Let’s get one thing straight, the term “toilet to tap” isn’t really how it works and yet conjures up images that are best left to third boys. The reality is, yes the water does get flushed, but it goes through and extensive process to clean and disinfect the water enable that reuse.
The biggest concern of water reuse is the health factor. According to The World Health Organization, there are over 3.4 million deaths globally as a result of contaminated water, typically coming from unsanitary conditions in underdeveloped country. Pathogens, bacteria and chemicals left untreated can cause not only death but also long term illness and disabilities.
The entire notion of toilet to tap is not that we need to starting drinking our own waste but we need to look at how we are treating our waste streams and how we can utilize the effluent in a more efficient manner. Wastewater has never been the sexiest of topics but it needs to be one our highest priorities globally. We can no longer approach our water issues with an out of sight, out of mind mentality. We need to take a proactive approach to our water conservation and reuse.
In states desperately trying to conserve water, like drought-ridden California, “toilet to tap” might be about to become the new norm because, in reality, it just makes sense. In communities like Orange County, recycling wastewater is already going on and will continue to do so, The New York Times reports:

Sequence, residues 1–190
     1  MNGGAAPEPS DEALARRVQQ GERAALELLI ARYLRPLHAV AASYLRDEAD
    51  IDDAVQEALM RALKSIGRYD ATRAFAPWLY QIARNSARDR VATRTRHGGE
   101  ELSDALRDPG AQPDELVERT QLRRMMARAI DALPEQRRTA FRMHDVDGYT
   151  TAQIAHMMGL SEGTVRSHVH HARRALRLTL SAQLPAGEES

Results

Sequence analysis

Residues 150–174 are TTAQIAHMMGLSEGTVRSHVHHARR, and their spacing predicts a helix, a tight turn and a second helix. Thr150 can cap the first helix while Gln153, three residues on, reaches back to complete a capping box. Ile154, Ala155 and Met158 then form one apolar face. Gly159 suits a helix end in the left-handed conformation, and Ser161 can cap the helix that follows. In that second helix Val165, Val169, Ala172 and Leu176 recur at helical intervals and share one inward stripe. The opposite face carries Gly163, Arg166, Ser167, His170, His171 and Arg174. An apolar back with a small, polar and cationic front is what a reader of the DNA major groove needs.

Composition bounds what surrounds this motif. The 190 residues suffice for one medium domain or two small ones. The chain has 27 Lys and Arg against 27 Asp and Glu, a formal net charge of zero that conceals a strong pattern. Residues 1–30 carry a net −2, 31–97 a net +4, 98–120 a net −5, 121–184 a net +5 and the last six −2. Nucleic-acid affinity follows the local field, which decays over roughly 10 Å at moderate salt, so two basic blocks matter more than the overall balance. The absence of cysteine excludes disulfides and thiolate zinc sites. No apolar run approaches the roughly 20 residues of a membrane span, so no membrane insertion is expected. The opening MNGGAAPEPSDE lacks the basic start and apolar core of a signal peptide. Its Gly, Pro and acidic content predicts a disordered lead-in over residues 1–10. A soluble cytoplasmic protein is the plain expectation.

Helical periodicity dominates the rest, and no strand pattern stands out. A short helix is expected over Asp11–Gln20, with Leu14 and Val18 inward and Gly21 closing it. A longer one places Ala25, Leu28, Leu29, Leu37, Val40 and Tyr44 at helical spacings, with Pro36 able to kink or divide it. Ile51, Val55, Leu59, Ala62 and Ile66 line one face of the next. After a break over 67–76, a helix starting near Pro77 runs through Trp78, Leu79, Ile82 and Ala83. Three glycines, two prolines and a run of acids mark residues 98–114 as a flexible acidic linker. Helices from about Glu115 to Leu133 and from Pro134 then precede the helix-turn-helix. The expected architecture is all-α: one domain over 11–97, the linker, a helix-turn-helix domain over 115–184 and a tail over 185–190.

Water spilled out of a spigot, sparklingly clear, into a plastic cup. Just 45 minutes earlier, it was effluent, piped over from Orange County’s wastewater treatment plant next door. At a specialized plant, it then went through several stages of purification that left it cleaner than anything that flows out of a home faucet or comes in a brand-name bottle.
“It’s stripped down to the H, 2 and O,” said Mark Mangus, the general manager of the county water district. He was not exaggerating. Without the minerals that give most cities’ supply a distinctive flavor, this water tastes of nothing.
With advancements in wastewater engineering and new technologies emerging as cost effective alternatives, retrofitting our current infrastructure can help alleviate some of water depletion issues. If communities like Orange County can come to grips with the reality that they must take a look at water reuse is a viable option for water conservation, the rest of the country should be able to do the same.